Success of the Home Party Business
It's not every day the working person gets to party for a living.
"We get paid to party, so we don't have meetings, we don't have events. This is a challenge party."
"I started this business as very part time, with no intention of making it a full time job."
"Well we hold in home parties, it's a new thing."
These three women are in the party business, the "home based" party business, and their customers are you.
Women who want to be thin, pretty and fashionable.
"There are people who make a living off of jeans."
Julie Williams is one of them. She'll come to your house to make her sales pitch. Julie sells designer jeans at discounted prices.
She makes 18 percent on each pair, and she's booked through Christmas.
"They want parties, they want jeans, they want them at reasonable prices and if they can get them for free they're gonna hold parties and invite as many people as they can."
Julie started selling jeans about a year ago. She hated going to the mall and trying them on, she heard about a home party business.
"I wanted a free pair of jeans, I wanted new jeans and I hate buying jeans, til I started selling them."
It isn't as easy as it looks. She also works full time and is a single mother of two.
On top of all that, Julie spends at least 20 hours a week marketing her jean party business.
"I believe if you want to make money at it you have to work at it. You have to market it you have to stick with it. Sometimes you're not going to have sales you're not going to have parties on the books, you just have to keep trying."
In a society preoccupied with body image, hundreds of thousands of people are "trying" the Body by Vi 90 day challenge, and everyone's cashing in on it.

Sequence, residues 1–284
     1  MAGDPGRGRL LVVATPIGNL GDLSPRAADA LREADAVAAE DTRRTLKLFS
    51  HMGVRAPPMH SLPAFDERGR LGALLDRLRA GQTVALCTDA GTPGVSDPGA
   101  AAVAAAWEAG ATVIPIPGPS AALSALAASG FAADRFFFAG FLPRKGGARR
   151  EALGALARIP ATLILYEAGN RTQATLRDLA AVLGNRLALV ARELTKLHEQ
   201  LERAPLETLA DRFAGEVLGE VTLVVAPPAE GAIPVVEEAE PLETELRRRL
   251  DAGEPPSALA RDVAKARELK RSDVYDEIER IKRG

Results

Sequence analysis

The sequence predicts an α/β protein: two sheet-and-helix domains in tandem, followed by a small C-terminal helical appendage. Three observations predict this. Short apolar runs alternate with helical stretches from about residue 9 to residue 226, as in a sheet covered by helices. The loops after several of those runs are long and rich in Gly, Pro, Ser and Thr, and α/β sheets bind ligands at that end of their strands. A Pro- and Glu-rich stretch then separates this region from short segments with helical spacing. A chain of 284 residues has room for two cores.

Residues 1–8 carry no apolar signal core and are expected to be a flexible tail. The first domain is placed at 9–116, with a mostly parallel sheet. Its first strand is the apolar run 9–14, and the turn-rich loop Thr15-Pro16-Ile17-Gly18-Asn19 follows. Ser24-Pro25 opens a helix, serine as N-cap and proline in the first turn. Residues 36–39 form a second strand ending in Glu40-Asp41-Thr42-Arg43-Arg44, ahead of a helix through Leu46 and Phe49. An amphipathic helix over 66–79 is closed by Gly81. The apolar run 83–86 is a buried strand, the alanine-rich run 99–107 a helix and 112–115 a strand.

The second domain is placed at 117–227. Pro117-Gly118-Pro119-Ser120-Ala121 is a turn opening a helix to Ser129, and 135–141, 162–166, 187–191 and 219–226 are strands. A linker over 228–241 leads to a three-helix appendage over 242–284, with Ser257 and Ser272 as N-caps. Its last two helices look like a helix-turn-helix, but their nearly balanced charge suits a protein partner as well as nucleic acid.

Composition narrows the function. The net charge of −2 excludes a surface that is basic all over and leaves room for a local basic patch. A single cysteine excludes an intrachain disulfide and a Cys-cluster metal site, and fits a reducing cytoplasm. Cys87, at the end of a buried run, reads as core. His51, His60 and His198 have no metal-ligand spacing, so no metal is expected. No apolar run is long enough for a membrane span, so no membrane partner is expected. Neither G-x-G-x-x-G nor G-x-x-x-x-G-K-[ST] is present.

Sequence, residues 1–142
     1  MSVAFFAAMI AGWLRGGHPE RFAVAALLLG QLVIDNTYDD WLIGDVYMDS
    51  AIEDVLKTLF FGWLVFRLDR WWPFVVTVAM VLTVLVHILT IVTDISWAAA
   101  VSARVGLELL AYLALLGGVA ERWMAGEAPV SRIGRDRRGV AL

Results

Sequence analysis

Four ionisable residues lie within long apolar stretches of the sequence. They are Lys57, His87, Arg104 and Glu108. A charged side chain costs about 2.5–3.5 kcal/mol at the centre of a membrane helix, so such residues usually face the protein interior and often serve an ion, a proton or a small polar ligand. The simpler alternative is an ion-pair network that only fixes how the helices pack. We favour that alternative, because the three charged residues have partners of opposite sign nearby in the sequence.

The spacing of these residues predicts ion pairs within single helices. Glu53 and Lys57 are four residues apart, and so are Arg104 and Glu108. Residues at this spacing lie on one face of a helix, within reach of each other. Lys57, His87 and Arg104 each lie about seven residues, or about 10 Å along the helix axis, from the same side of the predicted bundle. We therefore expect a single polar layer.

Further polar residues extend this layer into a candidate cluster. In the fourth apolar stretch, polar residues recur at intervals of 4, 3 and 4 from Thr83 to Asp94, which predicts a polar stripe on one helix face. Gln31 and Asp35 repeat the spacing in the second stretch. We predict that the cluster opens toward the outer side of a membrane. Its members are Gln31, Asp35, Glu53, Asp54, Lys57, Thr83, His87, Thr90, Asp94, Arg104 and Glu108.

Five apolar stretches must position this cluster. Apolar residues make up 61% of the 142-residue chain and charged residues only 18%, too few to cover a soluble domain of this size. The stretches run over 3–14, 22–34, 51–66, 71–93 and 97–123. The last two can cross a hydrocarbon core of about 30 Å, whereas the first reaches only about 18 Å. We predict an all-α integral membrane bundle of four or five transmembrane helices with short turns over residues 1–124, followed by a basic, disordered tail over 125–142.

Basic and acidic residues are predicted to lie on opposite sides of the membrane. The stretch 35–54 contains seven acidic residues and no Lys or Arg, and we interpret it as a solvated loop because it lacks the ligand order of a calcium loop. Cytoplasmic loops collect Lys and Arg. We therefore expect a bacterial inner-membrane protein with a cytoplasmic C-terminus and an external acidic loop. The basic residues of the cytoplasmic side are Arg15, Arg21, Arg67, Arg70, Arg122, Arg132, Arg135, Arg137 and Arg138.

This house party is so huge, Rhonda Lucero moved to a hotel ballroom.
"We serve them shakes, they watch a video. I mean our business is really push play on a blender and play on a DVD and we're done."
The sale? A shake mix that tastes like cake mix (it really does). It's business in a kit.
"When people decide they want to make money, and they want to have their own home based business, they can join the challenge they can promote the challenge."
Rhonda ran two day cares and worked 70 hours a week when she made the jump to the home party business.
Now she's the number five income earner in the company.
"Some people will make $3,000 on their first challenge party some people will only make a couple hundred dollars on their first challenge party, it just depends on how big your challenge party is."
A name most women know is Mary Kay, the cosmetics company, one of the original home party businesses.
"I started this business as a very part time, with no intention of making it a full time job."
21 years later and Sue is still in business with Mary Kay. It's her full time job.
"It is the way to go if you are a woman that wants that flexibility to be able to raise children, your children and to be able to participate in other things in life."
Over the last two decades Sue has seen the home party business change, more and more people want to sell.
Now that other companies like Vault Denim and Visalis are benefiting from it, she expects the business to boom.
"I think.... it's the way of the future."